Seattle fashion designer Luly Yang admits that she had never put even a moment’s thought into the aesthetic possibilities of the common face mask before March, when the coronavirus made masks a coveted medical necessity all over the world.

Four months later, the now-ubiquitous mask is front and center in daily life in dozens of countries, and Yang is something of an expert after transforming her high-end couture design studio into a high-rev mask-making operation.

Fashion is “self-identity and self-expression through clothing and how we choose to represent ourselves,” Yang said. “Now, the mask is another very important piece that people choose to — or choose not to — put on in the morning that says something about what they represent. Me, personally, I put it on for others. I put it on for my community. I put it on for myself and my family. I’m doing it because I’m part of a bigger community.

“To me, when I see people wearing it, it tells me that they care. … It’s a fashion statement personally for them. And it’s just the communication piece, too. It says, ‘We’re being careful.’”

No matter how you feel about it, the humble mask is now the world’s most prominent fashion accessory. It’s also now our most in-your-face messaging device, and it is at the center of a debate that has inflamed the already fraught political divisions in our country.

In the U.S., where virus numbers continue to rise with alarming speed, many states like Washington have mandated masks in public spaces. Last week, Centers for Disease Control and Prevention Director Robert Redfield stressed again that if all Americans wore masks now, “we could bring this epidemic under control” in the next four to eight weeks.


Yet even though the CDC reports that three in four Americans have started wearing cloth face coverings when they leave their homes, some swear they will never adopt regular usage of the mask, and feel so strongly about it that they’re burning them in protest. Meanwhile, as the dual pandemics of coronavirus and racism take center stage this summer, many have emblazoned the slogans of the moment across their face, with messages like “Black Lives Matter” and “VOTE” embroidered, painted or Sharpie’d onto their masks. 

There’s lots more to unpack once you get past that initial discussion of the mask as political symbol. For now, as the world waits for a coronavirus vaccine, the mask is here to stay. And while its initial use was born out of necessity, it’s quickly becoming a lifeline for the fashion industry.

Designer’s dream: A blank canvas

There’s not much that’s ever truly “new” in the fashion world. Trends come and go and hemlines rise and fall, but people have worn shirts, pants, skirts and other standard garments for centuries.

The mask as an accessory, however, is something brand-new: a blank canvas. And there’s nothing more fascinating to a fashion designer. 

“I’m so excited,” Yang said. “My friends and clients, they’re like, ‘Oh, my God, you’ve been doing this for so long, what keeps you going?’ And it’s all about ‘How do we use design and innovation to elevate the human experience?’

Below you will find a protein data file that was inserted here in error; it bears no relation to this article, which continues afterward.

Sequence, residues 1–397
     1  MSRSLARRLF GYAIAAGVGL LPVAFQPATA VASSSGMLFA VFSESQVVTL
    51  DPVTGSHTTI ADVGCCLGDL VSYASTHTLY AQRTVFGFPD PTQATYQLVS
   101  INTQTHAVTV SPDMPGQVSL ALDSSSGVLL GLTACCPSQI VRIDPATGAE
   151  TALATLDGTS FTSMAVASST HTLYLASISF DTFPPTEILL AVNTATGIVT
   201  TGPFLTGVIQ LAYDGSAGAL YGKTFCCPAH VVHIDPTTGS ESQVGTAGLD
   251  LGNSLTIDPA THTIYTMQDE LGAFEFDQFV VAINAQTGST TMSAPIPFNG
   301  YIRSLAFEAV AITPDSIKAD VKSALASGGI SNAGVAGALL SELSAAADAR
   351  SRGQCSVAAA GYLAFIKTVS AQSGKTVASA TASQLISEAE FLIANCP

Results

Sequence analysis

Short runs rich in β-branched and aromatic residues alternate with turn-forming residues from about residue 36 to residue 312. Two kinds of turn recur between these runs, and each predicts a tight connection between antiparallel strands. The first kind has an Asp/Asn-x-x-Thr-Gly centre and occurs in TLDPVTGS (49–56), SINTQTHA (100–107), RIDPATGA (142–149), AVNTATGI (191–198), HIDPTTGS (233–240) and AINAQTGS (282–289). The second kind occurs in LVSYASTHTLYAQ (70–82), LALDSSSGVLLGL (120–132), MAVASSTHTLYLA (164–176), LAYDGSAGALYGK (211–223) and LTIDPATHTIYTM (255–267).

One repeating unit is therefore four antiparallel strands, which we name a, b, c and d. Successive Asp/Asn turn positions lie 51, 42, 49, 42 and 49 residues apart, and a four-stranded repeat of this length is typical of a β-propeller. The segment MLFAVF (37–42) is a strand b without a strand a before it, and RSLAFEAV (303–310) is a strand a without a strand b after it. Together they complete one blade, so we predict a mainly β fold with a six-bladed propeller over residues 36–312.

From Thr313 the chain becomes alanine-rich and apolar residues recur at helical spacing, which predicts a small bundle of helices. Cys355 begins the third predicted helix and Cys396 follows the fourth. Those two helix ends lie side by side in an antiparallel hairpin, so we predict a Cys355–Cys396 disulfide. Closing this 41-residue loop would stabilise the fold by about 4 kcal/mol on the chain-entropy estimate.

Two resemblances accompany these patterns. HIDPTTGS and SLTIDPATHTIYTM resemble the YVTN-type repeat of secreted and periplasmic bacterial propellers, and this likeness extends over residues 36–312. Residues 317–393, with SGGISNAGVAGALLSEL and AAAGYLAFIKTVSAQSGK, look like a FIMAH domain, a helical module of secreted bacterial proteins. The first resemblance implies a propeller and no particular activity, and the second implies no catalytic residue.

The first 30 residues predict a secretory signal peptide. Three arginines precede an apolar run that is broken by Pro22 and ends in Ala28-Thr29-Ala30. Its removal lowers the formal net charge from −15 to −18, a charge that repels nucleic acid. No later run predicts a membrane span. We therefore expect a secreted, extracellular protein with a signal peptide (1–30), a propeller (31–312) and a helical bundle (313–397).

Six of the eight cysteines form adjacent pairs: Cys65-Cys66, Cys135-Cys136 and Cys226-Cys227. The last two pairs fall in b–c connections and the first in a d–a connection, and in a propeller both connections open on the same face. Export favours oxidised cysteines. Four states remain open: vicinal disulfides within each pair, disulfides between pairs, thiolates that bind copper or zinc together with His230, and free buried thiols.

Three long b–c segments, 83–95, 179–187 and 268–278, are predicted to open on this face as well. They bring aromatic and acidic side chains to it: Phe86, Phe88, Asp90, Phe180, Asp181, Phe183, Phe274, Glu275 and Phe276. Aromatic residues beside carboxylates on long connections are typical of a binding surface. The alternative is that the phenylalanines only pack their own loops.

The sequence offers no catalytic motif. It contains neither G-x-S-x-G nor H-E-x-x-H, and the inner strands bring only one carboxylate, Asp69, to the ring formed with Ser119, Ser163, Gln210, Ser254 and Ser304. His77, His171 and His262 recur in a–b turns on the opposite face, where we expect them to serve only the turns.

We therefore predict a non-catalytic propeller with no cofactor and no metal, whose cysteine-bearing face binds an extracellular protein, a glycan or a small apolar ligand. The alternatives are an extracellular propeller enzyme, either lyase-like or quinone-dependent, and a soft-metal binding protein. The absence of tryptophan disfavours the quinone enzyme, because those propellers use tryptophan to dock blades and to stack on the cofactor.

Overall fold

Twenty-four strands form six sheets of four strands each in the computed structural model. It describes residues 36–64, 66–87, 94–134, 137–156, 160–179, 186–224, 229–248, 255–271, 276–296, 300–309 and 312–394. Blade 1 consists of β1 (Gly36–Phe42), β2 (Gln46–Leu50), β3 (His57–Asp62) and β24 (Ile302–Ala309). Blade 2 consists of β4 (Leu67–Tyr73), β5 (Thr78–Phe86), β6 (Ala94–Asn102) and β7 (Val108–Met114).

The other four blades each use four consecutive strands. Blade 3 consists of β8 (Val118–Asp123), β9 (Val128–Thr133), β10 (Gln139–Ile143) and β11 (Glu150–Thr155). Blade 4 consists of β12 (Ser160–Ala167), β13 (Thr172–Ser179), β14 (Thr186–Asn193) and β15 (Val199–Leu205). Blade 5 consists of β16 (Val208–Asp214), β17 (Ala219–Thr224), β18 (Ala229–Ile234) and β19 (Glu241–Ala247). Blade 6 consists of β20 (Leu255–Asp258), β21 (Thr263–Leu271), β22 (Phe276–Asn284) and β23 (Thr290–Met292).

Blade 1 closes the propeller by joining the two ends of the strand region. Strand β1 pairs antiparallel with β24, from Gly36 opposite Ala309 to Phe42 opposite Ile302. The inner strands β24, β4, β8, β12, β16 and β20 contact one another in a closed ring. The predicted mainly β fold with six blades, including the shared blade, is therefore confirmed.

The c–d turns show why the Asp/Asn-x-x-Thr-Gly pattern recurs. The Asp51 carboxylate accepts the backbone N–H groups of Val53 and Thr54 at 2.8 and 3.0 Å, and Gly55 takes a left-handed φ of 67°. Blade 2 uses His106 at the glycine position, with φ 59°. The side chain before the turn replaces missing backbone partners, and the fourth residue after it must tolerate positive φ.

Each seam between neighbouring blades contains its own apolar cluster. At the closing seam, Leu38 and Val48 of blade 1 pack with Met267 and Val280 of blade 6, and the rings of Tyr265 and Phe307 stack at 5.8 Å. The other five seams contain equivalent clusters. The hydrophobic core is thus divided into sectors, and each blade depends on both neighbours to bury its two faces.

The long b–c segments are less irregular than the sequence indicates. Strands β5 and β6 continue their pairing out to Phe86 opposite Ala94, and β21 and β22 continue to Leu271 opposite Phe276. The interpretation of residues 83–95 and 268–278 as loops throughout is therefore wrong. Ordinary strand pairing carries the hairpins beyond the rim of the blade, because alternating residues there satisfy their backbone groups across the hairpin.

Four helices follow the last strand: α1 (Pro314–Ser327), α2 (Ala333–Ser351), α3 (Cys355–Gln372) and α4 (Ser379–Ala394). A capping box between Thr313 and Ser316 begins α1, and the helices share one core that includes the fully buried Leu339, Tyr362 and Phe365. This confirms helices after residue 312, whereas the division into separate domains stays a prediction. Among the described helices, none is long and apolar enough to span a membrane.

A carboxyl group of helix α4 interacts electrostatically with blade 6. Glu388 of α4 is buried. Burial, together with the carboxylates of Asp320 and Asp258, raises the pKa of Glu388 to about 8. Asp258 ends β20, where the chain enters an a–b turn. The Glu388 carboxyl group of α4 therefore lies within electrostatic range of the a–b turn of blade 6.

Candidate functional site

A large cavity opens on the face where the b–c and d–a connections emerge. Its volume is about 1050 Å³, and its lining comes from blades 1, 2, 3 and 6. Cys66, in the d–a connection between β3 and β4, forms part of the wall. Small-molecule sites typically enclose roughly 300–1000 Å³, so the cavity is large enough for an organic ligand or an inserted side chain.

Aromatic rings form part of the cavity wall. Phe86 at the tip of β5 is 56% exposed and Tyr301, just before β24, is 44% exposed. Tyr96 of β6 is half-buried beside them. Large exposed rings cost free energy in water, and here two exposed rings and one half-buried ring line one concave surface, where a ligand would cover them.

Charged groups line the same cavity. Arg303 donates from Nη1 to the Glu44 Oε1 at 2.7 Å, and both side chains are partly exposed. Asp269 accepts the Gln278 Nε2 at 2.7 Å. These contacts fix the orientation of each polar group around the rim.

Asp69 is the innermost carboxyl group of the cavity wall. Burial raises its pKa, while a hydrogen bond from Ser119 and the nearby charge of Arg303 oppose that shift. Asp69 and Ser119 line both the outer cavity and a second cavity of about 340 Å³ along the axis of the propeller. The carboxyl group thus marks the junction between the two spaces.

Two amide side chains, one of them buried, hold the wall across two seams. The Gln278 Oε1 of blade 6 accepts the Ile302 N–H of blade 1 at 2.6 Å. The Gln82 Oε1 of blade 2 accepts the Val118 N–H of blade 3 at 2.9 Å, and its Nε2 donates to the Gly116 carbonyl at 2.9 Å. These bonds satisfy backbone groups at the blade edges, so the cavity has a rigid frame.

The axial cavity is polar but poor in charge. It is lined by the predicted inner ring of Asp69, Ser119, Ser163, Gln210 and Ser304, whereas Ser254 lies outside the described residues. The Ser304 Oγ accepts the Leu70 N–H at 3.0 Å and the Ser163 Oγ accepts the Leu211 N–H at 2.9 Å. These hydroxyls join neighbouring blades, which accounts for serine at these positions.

“What we’re doing right now, while we’re designing, is making things better for people in general. And this whole mask situation, this whole COVID situation, is a true test of our team’s talent and our know-how to really elevate the human experience,” Yang said. “What better way to do that than through health and through keeping people healthy?”


Fashion has a fascinating and often strange history. From $10,000 haute couture gowns on the red carpet to the grungy flannel shirt on the streets, what we wear says a lot about us. People have used fashion to make statements for almost as long as they’ve worn clothes. 

The mask is unique, however, and with the coronavirus still spreading throughout the world more than eight months after it first emerged in China, this is its fashion moment.

“I was trying to think of other examples that were this rapidly adopted and I couldn’t come up with anything, because I think we are really living in an unprecedented time,” said Clara Berg, the Museum of History & Industry’s (MOHAI) clothing and textile specialist. “Six months ago there was not hardly anyone wearing masks and suddenly it’s become standard.

“Now it’s a fashion essential.”

There have been lots of those over the centuries, and many of those trends have been used to carry meaning. The modern T-shirt is a ready-made billboard for political statements. Bluejeans were a clarion call against communism in Russia in the 1970s and ‘80s. Miniskirts were an early salvo in the sexual revolution. There have been Brownshirts and white pantsuits and red MAGA ball caps. 

And there have been all kinds of compulsory clothing regulations — mostly religious — through the ages as well, from women covering their hair and visible skin with headwear, gloves and layers, including the corset and pantyhose. For centuries in Western civilization, for instance, you wouldn’t catch a man without a hat — until they all but disappeared from standard, everyday use in the 1950s and ‘60s.

“There was this understanding that the outfit was this complete ensemble and the hat was part of it — and it was sort of an essential part of it,” Berg said. “There was a period in the 18th century when men were all wearing powdered wigs and they actually wouldn’t put the hat on their head because it would mess up the wig. But they would carry the hat around with them everywhere because this was like part of the outfit.


“It wouldn’t even occur to them to not have a hat as part of the ensemble.”

But nothing has been quite so … fashion-forward … as the mask.

“It’s actually on your face and it’s very prominent,” Yang said. “Think of it: What other things do we purchase [for the face] as a consumer? We have makeup for women. And then we have glasses. We have facial jewelry that people choose to do piercings with. And now we have masks.

“This is the most expressive part of themselves that they choose to show the world when they leave the house. And the mask is now taking center stage.”

“Level up” these masks

Yang isn’t the only designer who sees multiple opportunities in masks as we navigate life in 2020: Scores of Seattle businesses are now making and selling them. Everyone from retail giant Nordstrom to individual makers on Etsy are in the mask game, putting thousands of people to work in Western Washington, across the U.S. and in overseas factories.